The Album Considered

Unusual, over-looked and interesting albums pulled from the shelves for reconsideration

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QUEEN IDA. COOKIN' WITH QUEEN IDA, CONSIDERED (1989): Getting that bon temps rouler-ing

20 Sep 2021  |  2 min read

Before Ry Cooder "discovered" Cuban music for a mainstream audience with the Buena Vista Social Club (album/tour/film) there was cajun which was enormously popular for a while and artists like BeauSoleil, Wayne Toups (who came the New Zealand), Jo-El Sonnier and other became well known. An off-shoot of the cajun connection was zydeco which also emerged out of Louisiana. Like... > Read more


13 Sep 2021  |  2 min read

Many bands of the Sixties whose hits have endured had remarkably short lives, far more brief than their legacy might suggest. When previously writing about The Mamas and The Papas we noted that their career with the seminal line-up lasted only 20 months, but in that time they had half a dozen hit singles. And when this collection of hits by The Lovin' Spoonful came to... > Read more

PENETRATION. MOVING TARGETS, CONSIDERED (1978): Post-punk rock'n'roll from up t'north

6 Sep 2021  |  3 min read

The first gobs of British punk in 1976-77 were mostly short, sharp, angry and anti-establishment (and sometimes anti-social) songs which made a virtue of energy over accomplishment. But that was necessary to kick down the doors and walls of the music establishment, although the scorched earth policy some advocated didn't quite match up with the ethos. These days an over-riding... > Read more


28 Aug 2021  |  4 min read  |  1

In the almost five decades since I bought this triple album by jazz composer/ keyboard player Carla Bley, lyric writer/conceptualist Paul Haines and Bley's Jazz Composer's Orchestra, I must have pulled it off the shelf at least half a dozen times. And never got as far as side five. This is a monster with a cast of dozens: Roswell Rudd, Gato Barbieri, Charlie Haden, Don Cherry, Jeanne... > Read more

JOHN COLTRANE. FIRST MEDITATIONS (FOR QUARTET), CONSIDERED (1965): Supreme love . . . and its consequences

23 Aug 2021  |  3 min read

It should be accepted without question that half a dozen John Coltrane albums – the list usually starting with A Love Supreme (1964) – belong in any serious jazz, or even general music, collection. If the majestic spirituality of A Love Supreme is someone's first taste of Coltrane they would most likely want to hear more from this giant of jazz who... > Read more

NGAIRE: NGAIRE, CONSIDERED (1991): When the singles have gone

13 Aug 2021  |  2 min read

Ngaire Fuata was a brief but bright comet across New Zealand radio in the early Nineties, as much on the strength of some canny song choices by her producers as for her gently soulful voice. Her producers (and sometimes songwriters) were Simon Lynch and Tony T (Tony Nogotautama) who recorded this sole Ngaire album at the Lab in Auckland. Their funky and percussive programmed rhythms... > Read more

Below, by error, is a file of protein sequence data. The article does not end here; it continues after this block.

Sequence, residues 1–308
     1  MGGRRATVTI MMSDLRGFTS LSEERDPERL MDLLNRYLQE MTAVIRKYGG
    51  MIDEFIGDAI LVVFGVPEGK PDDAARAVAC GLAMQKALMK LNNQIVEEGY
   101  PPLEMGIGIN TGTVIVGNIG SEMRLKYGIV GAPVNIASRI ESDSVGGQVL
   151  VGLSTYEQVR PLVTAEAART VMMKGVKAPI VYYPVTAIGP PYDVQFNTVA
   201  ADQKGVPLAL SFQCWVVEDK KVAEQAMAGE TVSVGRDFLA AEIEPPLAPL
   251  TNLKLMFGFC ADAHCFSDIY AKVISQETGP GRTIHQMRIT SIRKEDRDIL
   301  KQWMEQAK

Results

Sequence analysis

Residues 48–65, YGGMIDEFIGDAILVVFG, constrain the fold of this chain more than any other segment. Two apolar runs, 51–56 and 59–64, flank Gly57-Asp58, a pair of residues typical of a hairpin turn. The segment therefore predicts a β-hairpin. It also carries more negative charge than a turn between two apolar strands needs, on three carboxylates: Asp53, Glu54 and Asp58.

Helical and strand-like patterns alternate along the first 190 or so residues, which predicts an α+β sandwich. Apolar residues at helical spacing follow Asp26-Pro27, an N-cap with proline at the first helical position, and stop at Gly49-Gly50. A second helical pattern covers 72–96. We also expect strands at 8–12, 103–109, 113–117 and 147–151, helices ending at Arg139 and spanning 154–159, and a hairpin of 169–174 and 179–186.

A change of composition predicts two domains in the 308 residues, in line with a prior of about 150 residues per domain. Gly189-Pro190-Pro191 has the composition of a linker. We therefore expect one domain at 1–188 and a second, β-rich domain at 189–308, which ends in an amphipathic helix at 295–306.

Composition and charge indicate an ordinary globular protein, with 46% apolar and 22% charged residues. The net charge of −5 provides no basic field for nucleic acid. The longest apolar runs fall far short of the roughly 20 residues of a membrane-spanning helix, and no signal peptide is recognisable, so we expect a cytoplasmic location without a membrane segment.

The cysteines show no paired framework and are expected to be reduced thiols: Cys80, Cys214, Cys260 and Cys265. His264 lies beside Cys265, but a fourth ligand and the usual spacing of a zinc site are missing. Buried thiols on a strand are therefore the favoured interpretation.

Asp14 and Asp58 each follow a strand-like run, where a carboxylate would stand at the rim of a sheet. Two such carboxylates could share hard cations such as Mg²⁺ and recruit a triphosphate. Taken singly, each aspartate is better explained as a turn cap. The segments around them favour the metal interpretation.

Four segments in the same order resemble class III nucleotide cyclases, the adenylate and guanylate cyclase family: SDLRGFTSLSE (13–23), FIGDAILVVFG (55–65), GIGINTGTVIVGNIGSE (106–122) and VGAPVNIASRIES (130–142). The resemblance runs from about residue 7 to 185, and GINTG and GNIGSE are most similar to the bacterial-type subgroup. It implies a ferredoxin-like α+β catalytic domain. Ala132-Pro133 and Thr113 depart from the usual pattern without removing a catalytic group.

26 Jul 2021  |  4 min read

The shorthand for the Rolling Stones' recording career before Exile on Main Street is usually reduced – even by Stones' fans – to something like this: some blues and r'n'b covers albums with a few originals thrown in, Aftermath in '66 where they wrote everything themselves and so is a classic (it's not, it's flawed like most Stones' albums), the substandard foray into Pepper-style... > Read more

My Obsession

ELVIS COSTELLO. LOOK NOW, CONSIDERED (2018): Songwriter Elvis Bacharach meet bandleader Burt McManus

19 Jul 2021  |  2 min read

Falling between his innovative mash-up/mix-up Wise Up Ghost with the hip-hop group The Roots (and don't call it self-sampling) and his latest Hey Clockface with its spoken word passages, Middle Eastern allusions, a French ensemble and guitarist Nels Cline, this very recent double vinyl acquisition – pulled from the shelves at random -- found Costello back with his longtime... > Read more

Burnt Sugar is so Bitter

KOKO TAYLOR. THE EARTHSHAKER, CONSIDERED (1978): We gonna shake it Wang Dang Doodle . . .

12 Jul 2021  |  1 min read

The story of the great Koko Taylor – the “Queen of the Blues” who died in 2009, age 80 – is also the story of the blues: born poor in the South, migrated to the North and when in Chicago plugged in and got rowdy. Taylor who arrived in Chicago when she was 18, as she told Elsewhere in a wide-ranging interview in 1988, was spotted by Willie Dixon and she cut her... > Read more

VARIOUS ARTISTS. TASTY, CONSIDERED (1975): But it's strange and schizophrenic . . .

4 Jul 2021  |  1 min read  |  1

In those distant decades when vinyl was the only serious audio option, record companies large and small would often put out a budget-price compilation/sampler with a track each from their recent albums as a hook to get listeners into their artists. If the label had a kind of over-riding ethos – heavy prog for Vertigo, punky pop for Stiff – then the compilations had some kind of... > Read more